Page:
Of love burned brightly in Colonna's breast, But while it filled it robbed his soul of rest: At home, abroad, at morning, and at noon, In the hot sultry hours, and when the moon Shone in the cool fresh sky, and shaped those dim
And shadowy figures once so dear to him,Where'er he wandered, she would come upon
His mind, a phantom like companion; Yet, with that idle dread with which the heart
Stifles its pleasures, he would ever depart And loiter long amongst the streets of Rome,
When she, he feared, might visit at his home.
A strange and sad perverseness; he did fear To part with that pale hope which shone at last
Glimmering upon his fortunes.
There was no moral obstacle to prevent them being together as much as they pleased. Marcian had no wife, and Julia supposed her husband at the bottom of the sea. Had there been any objection of this serious nature, we cannot but say that it would have been Marcian's duty to have carried his self-denial still farther, and to have driven her from his thoughts as well as from his eyes. It was a mere accident at last which broke the ice, and we advise all young ladies who have such beings as a Marcian to deal with, (though, if they do not wish to run ultimately the risk of being poisoned, they had much better chuse among a different class of lovers,) just to throw loose the reins, and let fortune order for them as she will. We must give our readers the scene of this eclaircissement, though somewhat long, as it is written in our poet's best manner. It is at the beginning of the second canto, and opens with a fine invocation to love.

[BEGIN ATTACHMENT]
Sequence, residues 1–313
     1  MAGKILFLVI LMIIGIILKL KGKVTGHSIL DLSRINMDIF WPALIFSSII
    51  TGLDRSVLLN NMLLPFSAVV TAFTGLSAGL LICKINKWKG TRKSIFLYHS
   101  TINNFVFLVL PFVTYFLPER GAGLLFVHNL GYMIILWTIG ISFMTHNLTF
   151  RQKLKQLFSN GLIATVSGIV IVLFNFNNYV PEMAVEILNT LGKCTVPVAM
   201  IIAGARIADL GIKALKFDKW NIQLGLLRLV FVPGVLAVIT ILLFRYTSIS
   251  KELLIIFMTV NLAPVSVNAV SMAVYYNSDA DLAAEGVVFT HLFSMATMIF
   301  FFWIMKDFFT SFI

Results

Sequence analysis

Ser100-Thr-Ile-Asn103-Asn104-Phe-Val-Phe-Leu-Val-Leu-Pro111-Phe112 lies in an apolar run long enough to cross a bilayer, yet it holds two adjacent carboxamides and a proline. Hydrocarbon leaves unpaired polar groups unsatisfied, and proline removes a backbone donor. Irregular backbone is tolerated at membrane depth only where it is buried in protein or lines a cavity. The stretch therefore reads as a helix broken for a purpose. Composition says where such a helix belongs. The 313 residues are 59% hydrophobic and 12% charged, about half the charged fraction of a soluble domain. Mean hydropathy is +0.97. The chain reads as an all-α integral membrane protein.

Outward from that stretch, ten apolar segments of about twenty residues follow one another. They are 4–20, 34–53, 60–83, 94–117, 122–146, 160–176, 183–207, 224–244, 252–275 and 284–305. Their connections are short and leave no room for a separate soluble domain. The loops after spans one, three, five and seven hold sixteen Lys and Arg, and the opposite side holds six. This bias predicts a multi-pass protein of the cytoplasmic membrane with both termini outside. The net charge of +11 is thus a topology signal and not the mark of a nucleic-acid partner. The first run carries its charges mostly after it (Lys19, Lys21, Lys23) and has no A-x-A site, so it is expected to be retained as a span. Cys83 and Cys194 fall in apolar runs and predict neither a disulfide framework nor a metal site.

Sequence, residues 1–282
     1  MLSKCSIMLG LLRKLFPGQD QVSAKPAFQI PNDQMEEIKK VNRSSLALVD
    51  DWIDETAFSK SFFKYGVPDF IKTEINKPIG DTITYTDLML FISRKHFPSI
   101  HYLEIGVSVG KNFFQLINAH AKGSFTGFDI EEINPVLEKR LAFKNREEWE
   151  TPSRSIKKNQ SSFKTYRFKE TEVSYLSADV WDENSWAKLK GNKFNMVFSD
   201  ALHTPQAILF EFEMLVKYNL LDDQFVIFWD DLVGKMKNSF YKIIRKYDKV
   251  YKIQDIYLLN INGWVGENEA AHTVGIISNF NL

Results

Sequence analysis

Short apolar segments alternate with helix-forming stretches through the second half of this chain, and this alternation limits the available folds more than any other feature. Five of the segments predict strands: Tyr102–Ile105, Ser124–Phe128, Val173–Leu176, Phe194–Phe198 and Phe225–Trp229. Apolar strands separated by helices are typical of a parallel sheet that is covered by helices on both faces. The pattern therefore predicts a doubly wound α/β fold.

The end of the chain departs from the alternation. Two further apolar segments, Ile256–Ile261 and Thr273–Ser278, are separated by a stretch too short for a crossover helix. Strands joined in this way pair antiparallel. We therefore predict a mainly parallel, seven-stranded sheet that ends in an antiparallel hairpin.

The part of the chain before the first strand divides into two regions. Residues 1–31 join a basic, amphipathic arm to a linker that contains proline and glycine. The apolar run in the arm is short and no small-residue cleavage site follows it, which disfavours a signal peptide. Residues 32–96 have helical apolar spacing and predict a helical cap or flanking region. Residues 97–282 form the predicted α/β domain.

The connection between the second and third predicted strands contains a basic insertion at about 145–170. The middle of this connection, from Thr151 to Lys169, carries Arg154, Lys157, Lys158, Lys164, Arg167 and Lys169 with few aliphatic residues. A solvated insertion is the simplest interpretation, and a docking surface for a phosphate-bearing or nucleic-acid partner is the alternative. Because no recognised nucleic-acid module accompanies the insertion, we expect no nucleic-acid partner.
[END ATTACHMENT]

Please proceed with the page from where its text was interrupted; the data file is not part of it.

The red rose was in blossom, and the fair
Cast out his perfumes, and the wilding thyme
Mingled his mountain sweets, transplanted Midst all the flowers that in those regions